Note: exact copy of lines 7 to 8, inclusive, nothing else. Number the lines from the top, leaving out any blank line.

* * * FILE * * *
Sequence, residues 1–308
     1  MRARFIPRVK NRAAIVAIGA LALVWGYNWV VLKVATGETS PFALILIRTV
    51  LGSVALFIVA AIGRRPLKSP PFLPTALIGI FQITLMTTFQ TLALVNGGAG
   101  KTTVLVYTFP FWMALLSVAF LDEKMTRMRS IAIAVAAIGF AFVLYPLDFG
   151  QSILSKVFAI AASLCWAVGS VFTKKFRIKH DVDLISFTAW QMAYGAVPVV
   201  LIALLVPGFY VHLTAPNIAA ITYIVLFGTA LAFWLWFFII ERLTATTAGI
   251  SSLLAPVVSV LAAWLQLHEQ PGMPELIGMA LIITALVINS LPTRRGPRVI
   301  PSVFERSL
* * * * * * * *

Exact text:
   251  SSLLAPVVSV LAAWLQLHEQ PGMPELIGMA LIITALVINS LPTRRGPRVI
   301  PSVFERSL